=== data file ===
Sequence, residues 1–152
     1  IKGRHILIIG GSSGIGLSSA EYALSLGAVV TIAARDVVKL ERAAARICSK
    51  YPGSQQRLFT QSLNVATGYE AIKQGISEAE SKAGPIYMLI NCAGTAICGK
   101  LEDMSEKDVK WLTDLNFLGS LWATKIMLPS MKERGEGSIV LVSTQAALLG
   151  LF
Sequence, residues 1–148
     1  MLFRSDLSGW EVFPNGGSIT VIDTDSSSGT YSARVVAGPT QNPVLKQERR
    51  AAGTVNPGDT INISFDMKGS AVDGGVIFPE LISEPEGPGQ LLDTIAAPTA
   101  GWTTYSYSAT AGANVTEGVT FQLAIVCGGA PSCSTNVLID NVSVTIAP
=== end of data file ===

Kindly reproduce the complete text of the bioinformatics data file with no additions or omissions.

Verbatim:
Sequence, residues 1–152
     1  IKGRHILIIG GSSGIGLSSA EYALSLGAVV TIAARDVVKL ERAAARICSK
    51  YPGSQQRLFT QSLNVATGYE AIKQGISEAE SKAGPIYMLI NCAGTAICGK
   101  LEDMSEKDVK WLTDLNFLGS LWATKIMLPS MKERGEGSIV LVSTQAALLG
   151  LF
Sequence, residues 1–148
     1  MLFRSDLSGW EVFPNGGSIT VIDTDSSSGT YSARVVAGPT QNPVLKQERR
    51  AAGTVNPGDT INISFDMKGS AVDGGVIFPE LISEPEGPGQ LLDTIAAPTA
   101  GWTTYSYSAT AGANVTEGVT FQLAIVCGGA PSCSTNVLID NVSVTIAP